Pakistan ignores its rich multicultural heritage at its own peril.
If you drop some ink into water, you know what to expect. The ink will slowly disperse throughout the water, which will take on the same color as the ink. The explanation for why the ink does not stay as separate, concentrated drops of color comes from the Second Law of Thermodynamics, which can be explained thus: “Over time, closed systems will become more similar, eventually reaching systemic equilibrium. It is not a question of if a system will reach equilibrium; it is only a question of when a system will reach equilibrium.”
Pakistan in 1947 was a country whose culture was the product of a thousand different ones. Like multiple, colorful streams, each of these cultures had slowly entered the Indian subcontinent at different points and then diffused across its length and breadth. But since then, non-Muslim cultural influences in present-day Pakistan have been progressively minimized in a misguided search for religious purity. This “purification” has been accomplished in two ways. First: through the deliberate minimization of all interaction with India; and second: through the deliberate opening of our doors to our allegedly more religiously pure brethren in Saudi Arabia.
The net result of this “closed system” in Pakistan has been the gradual dilution of all our multicultural influences and their replacement through gradual infusion by jihadist Salafism. The streams which earlier flowed in have been damned. Pakistan’s water is fetid, and has started to stink. Pretty soon, it will become incapable of supporting life. The answer to our predicament is obvious: overpower the sewer flowing into our system by streaming in the blocked currents.
While Pakistan has no control over its western border, its eastern border with India is an impenetrable wall. What we need is the exact opposite. We need to wall off our Afghan brethren of the Taliban and we need to open our borders to visitors from the East. People-to-people contacts change individual perceptions more effectively than anything else. If you have never met the enemy, it is easy to believe they are inhuman. But if you have broken bread with them, if you have danced at their weddings, if you have cheered on the same side in cricket, then the enemy is no longer a faceless monster.
Given our national-security framework—or more precisely, given our national-security neuroses—opening borders with India is not going to be easy. Our security thinkers are still caught in the simple trap of believing that opposition to India’s political ambitions necessarily requires defining ourselves as India’s ideological opposite. And I have stopped believing that those thinkers will ever grow up.
What’s left then? If we can’t open our physical borders, at least we can open our electronic borders. And that is where the opposition to YouTube comes into play. It’s a long-proven fact that people process information in visual terms far more easily than if they read about the same thing. When the Taliban took over Swat, reporter after reporter filed stories about the horrors which followed. But in the end, what actually swung public opinion against the Tehreek-e-Taliban Pakistan was a grainy cellphone video of a teenage girl being thrashed for the sin of leaving her house. If a picture is worth a thousand words, this video is worth a book.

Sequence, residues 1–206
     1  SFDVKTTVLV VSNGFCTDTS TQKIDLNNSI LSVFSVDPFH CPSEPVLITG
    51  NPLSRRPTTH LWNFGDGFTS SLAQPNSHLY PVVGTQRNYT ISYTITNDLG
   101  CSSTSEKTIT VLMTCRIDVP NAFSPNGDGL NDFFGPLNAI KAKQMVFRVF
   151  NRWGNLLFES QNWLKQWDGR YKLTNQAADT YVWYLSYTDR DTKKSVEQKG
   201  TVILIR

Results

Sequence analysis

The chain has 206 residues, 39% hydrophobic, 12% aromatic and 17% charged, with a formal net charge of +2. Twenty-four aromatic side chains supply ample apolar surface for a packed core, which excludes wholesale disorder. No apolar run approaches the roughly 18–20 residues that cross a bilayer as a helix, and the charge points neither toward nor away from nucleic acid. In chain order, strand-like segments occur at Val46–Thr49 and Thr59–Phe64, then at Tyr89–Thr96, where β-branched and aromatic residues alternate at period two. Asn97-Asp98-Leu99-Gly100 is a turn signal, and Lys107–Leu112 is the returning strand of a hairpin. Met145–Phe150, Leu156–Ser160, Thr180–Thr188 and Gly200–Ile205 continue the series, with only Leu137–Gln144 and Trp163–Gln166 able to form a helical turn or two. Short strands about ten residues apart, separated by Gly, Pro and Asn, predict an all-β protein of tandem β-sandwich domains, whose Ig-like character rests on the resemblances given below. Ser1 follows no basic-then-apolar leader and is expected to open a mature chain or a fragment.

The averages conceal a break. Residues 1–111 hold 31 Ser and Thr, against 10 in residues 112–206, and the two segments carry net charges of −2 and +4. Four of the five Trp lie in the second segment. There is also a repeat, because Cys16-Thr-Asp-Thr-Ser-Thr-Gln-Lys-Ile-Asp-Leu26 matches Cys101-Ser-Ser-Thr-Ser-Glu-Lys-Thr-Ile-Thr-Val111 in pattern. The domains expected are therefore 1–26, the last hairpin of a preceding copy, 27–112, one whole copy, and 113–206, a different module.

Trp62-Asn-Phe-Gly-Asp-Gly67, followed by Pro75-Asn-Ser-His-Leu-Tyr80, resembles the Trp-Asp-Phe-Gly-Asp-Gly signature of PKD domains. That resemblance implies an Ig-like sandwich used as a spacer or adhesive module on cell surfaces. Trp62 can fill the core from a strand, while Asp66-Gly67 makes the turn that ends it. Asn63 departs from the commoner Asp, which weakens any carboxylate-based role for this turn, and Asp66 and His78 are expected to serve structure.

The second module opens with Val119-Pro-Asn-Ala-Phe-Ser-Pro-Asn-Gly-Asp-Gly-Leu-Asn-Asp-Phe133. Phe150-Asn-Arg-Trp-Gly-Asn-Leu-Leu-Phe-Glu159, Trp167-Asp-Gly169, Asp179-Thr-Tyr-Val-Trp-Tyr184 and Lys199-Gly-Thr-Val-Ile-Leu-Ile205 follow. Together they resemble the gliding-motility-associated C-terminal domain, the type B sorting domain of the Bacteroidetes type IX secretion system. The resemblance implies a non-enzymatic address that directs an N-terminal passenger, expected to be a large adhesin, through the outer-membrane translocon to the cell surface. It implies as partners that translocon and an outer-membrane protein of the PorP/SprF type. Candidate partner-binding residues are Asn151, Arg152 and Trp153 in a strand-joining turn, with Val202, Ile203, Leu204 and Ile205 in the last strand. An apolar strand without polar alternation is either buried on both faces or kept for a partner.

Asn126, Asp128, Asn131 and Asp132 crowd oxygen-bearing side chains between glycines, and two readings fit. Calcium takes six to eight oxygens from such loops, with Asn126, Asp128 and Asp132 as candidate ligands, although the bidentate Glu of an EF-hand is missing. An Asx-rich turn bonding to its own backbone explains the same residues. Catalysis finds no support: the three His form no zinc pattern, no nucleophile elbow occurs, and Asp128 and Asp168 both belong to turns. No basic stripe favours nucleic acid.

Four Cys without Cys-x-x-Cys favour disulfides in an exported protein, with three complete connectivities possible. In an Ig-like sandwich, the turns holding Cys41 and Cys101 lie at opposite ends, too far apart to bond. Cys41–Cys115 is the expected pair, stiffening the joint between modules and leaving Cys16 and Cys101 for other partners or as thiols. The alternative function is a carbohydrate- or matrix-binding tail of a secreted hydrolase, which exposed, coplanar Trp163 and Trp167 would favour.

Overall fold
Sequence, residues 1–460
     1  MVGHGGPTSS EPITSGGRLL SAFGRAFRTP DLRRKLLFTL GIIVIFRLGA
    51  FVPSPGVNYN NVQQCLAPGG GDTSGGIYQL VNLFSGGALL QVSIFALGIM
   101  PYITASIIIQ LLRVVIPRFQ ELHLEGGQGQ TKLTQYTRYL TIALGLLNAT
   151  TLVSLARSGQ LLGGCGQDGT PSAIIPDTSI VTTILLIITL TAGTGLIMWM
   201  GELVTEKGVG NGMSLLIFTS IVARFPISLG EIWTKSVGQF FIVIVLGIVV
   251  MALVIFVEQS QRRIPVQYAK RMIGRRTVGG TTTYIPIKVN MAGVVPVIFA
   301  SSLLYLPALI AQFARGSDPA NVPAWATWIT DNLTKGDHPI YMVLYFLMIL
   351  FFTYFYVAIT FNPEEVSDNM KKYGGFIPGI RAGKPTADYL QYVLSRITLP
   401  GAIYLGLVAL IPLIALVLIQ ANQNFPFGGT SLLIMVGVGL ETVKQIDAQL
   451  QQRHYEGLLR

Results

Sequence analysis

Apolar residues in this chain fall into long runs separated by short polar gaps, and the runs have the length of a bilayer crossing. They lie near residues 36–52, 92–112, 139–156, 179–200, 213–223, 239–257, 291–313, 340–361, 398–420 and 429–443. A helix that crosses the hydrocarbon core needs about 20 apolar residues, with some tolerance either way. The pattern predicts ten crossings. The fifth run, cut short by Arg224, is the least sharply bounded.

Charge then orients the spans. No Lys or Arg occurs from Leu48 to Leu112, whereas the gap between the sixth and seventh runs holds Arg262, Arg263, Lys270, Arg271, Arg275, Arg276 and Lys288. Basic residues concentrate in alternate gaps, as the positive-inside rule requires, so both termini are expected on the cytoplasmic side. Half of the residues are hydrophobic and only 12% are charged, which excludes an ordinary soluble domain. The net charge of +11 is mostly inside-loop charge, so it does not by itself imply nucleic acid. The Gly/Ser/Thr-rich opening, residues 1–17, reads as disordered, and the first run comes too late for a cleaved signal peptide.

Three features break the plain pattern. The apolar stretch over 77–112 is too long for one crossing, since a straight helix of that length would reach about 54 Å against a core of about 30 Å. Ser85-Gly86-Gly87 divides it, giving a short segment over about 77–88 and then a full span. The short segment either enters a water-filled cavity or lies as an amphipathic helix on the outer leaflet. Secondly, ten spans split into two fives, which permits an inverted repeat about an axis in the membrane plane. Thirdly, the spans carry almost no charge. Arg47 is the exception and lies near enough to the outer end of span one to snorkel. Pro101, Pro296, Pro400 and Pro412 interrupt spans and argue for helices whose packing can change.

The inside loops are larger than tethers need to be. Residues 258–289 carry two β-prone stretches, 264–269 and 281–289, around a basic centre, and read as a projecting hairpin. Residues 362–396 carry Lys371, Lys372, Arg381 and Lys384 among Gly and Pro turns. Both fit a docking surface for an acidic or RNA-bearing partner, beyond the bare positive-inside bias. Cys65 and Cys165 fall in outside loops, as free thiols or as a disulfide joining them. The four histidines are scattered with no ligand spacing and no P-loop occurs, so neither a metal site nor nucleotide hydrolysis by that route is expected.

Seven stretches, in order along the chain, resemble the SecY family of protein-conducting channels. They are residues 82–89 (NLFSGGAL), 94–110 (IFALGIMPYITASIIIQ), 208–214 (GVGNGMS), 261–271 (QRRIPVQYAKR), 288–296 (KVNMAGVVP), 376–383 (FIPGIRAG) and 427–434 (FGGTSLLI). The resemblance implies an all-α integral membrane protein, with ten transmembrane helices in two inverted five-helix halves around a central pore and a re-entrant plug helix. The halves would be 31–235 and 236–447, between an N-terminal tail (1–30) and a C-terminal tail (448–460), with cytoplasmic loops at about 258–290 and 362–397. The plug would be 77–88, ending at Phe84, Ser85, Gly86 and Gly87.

What people don’t understand is that the Salafi deluge is an abomination against Islamic history, which does not end with the four caliphs. Muslims are heirs to 1,400 years of tumultuous history. In this time, there have been thousands of famous poets and historians and scientists who were proud to call themselves Muslims and also some—such as Maimonides—who were proud to be patronized by Muslims. All of them have been erased from the pages of our official history. It is as if out of all the colors in the spectrum the only shade we are being shown is black.
Every few months, I get a copy of Saudi Aramco World, a beautifully produced magazine intended to broaden “knowledge of the cultures, history and geography of the Arab and Muslim worlds and their connections with the West.” The latest issue contains articles about growing saffron in Morocco, Verdi’s opera set in Egypt (Aida), and the salt farmers of the Rann of Kutch. What I find scary about the magazine, though, are its back pages which contain a list of current and future events such as exhibitions of Mughal art. With very few exceptions, every single event is set outside the Muslim world. The cities which most often play host to the finest gems of our “Islamic” history are the atheist playgrounds of the decadent West: London, Paris, New York, Boston. I have yet to see a reference to any exhibition in Pakistan.
This broader view of history matters because it is not just enough to say We Are Not That; we must also remember all that we have been. Our history is a mosaic, a living, breathing carpet of wonders. We ignore those wonders at our peril.
There is an old story about a group of Parsis looking to move to a new city. When they reached the gates of the city, they were met by a delegate holding a bowl filled to the brim with milk. The point of the gesture was to show the visitors that there was no room for them. Legend has it that their leader put a spoonful of sugar in the milk and sent it back. Legend also has it that the king was wise—and he promptly let them in.
Naqvi is a senior lawyer based in Lahore. The views and opinions expressed in this article are solely his in his individual capacity.